About us

The Identities, Lifestyles and Culture research group is located at the quadruple intersections in the School of the disciplines of Sociology, Criminology, Social Policy and Social Work.  It emphasizes theory (particularly orientation to action) and method. 

The conceptual orientations of the group centre on constructions of social meaning – such as the ‘sociologies’ of:

  • identity and culture;
  • gender and sexuality;
  • risk, stigma and deviance.

The way that the group’s members approach these conceptualizations are varied but have in common a view that ‘the social’ is Janus-faced – an unfolding of the personal that is constrained, and enabled, by parameters of structure and governance.  These processes are seen as developmental with the potential to alter or even transform social structure as well as to reproduce it. 

The main methodological orientations of the group are qualitative, and this has enabled us to be very successful in recent years in forging interdisciplinary links.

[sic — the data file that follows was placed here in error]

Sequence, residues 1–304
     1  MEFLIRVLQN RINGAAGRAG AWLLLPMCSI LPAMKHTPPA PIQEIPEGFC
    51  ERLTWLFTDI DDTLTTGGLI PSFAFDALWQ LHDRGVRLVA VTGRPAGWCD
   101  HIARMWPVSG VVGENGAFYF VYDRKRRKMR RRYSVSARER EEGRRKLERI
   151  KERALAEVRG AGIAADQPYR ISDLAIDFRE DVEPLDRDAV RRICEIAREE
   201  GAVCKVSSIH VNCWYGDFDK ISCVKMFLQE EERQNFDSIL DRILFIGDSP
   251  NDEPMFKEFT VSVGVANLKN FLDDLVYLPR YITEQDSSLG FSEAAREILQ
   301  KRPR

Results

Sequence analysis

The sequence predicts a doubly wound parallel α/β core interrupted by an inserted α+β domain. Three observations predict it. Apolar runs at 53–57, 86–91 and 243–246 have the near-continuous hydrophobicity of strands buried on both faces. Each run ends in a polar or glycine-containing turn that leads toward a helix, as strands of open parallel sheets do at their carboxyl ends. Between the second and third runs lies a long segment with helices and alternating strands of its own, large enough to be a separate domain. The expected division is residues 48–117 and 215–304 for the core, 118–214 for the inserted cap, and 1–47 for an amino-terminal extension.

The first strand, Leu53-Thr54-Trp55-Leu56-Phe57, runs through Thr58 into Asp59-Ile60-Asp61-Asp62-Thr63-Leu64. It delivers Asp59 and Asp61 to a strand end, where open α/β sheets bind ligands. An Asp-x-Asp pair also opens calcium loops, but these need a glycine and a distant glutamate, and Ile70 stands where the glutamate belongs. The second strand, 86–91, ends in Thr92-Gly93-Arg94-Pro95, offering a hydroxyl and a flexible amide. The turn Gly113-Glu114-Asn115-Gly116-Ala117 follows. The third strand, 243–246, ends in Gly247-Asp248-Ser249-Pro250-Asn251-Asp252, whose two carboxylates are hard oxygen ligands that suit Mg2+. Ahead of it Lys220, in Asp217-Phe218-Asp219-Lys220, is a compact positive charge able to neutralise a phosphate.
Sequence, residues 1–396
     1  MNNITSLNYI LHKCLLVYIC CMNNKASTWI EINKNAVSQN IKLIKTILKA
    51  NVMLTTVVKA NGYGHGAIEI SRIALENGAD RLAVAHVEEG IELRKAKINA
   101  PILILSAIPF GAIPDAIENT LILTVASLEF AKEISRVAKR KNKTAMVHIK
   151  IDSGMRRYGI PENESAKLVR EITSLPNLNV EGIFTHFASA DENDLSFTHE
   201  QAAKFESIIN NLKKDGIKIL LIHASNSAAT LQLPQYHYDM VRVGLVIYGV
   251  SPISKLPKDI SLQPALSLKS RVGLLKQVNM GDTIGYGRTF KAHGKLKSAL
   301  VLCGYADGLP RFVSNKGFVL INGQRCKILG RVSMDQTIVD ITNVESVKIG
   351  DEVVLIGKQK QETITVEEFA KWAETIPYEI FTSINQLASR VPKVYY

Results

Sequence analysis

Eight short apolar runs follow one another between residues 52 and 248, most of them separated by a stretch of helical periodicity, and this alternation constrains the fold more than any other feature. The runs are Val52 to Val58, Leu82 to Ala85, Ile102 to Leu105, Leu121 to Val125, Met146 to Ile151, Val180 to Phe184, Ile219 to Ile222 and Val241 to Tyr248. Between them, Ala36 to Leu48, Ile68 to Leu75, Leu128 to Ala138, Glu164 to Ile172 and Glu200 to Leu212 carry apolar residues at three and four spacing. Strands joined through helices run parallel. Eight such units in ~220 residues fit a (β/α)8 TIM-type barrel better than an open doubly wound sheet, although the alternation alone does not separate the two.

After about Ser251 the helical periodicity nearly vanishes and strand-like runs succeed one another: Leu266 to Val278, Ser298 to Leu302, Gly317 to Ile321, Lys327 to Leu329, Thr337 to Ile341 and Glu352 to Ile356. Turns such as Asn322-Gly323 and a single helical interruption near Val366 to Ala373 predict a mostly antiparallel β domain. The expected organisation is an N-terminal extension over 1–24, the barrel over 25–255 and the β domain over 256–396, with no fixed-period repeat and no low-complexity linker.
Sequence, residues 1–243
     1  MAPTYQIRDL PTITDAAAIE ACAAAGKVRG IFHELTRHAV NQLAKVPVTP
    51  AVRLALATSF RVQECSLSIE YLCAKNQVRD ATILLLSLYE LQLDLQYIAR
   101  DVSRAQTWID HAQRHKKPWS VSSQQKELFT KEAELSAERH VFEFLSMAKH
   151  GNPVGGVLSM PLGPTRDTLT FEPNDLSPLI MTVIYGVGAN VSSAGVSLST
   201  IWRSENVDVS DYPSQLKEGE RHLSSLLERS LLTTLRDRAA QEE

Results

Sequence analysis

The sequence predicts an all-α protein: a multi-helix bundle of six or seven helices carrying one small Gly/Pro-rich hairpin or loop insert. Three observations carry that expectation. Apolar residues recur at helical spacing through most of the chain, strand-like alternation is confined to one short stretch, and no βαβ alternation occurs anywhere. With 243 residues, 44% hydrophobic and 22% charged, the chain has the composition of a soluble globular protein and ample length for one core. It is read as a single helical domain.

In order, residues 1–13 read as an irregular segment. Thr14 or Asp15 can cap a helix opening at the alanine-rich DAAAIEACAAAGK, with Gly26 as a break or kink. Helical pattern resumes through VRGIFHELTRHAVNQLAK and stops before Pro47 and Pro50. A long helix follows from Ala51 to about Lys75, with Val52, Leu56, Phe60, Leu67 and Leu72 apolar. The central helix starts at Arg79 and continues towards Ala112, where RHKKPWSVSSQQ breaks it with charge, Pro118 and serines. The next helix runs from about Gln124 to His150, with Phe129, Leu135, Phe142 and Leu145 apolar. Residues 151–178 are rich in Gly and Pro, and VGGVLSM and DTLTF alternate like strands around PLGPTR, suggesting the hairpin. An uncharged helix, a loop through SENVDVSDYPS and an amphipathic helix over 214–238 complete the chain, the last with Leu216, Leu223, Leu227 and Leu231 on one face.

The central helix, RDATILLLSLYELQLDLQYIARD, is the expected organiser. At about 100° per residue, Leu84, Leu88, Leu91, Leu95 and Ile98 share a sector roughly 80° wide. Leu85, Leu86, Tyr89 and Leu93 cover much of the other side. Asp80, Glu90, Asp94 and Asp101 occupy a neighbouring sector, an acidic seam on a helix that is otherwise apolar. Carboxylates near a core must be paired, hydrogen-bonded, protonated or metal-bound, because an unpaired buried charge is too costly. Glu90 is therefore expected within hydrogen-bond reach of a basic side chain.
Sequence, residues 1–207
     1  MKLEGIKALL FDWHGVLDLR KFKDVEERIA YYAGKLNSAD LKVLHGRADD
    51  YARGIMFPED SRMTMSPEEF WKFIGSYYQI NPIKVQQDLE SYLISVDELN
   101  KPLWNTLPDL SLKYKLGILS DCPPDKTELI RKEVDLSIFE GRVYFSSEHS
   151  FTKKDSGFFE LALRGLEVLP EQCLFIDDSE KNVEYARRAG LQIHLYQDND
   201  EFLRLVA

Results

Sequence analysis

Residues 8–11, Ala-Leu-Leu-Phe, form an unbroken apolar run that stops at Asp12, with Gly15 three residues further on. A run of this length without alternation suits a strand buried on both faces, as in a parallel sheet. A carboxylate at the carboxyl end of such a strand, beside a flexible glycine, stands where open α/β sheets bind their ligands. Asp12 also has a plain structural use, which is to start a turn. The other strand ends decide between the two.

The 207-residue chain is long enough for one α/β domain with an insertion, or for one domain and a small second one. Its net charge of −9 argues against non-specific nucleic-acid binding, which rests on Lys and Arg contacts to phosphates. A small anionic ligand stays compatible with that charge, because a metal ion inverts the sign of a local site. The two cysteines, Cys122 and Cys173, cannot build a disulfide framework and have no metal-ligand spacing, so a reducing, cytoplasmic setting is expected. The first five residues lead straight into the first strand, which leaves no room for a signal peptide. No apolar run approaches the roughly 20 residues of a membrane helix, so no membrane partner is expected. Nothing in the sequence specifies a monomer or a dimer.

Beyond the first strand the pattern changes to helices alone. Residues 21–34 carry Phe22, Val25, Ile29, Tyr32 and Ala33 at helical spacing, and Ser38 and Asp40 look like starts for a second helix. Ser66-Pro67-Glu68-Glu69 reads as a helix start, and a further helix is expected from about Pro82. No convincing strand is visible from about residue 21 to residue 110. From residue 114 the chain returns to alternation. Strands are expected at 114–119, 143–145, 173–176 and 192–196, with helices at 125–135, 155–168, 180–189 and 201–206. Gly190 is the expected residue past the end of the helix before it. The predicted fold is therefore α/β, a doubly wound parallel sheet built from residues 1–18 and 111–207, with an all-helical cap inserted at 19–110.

While we recognize that groups working together on a focused theme have the potential to attain more than the ‘sum of their parts’, we do not subscribe to the corporatist point of view and are determined that the group will continue to recognize, protect and promote the individual and scholarly conceptual perspectives and substantive interests that lead to true innovation.  Paradoxically, it is new ideas rather than management-determined ‘priorities’ that produce the biggest pay-offs both in terms of large research earnings and, ultimately, the University’s reputation. Consequently, while the group’s activities have been organised under the umbrella of developing concerns, particularly qualitative/methodological, and will maintain this, we presently are orienting ourselves towards consciously exploring genuinely new and evolving theoretical and conceptual developments in social science.  To that end, we are promoting a series of seminars given both by internal members and external guest speakers who are active at the frontiers of what will be social science in the 21st century.

Reflecting our eclecticism at the time of writing, the substantive interests of the group’s members include: 

  • embodiment and the construction of identity in virtual realities;
  • religion;
  • biotechnology and bioethics;
  • social movements;
  • football;
  • ‘Q2’ mixed methods of researching poverty in sub-Saharan Africa;
  • emotion, social roles, normative change and family life;
  • state ‘punitiveness’ or harshness (particularly new ways of conceptualising and measuring this and cross-disciplinary perspectives on the issue);
  • experiential knowledge and participatory research.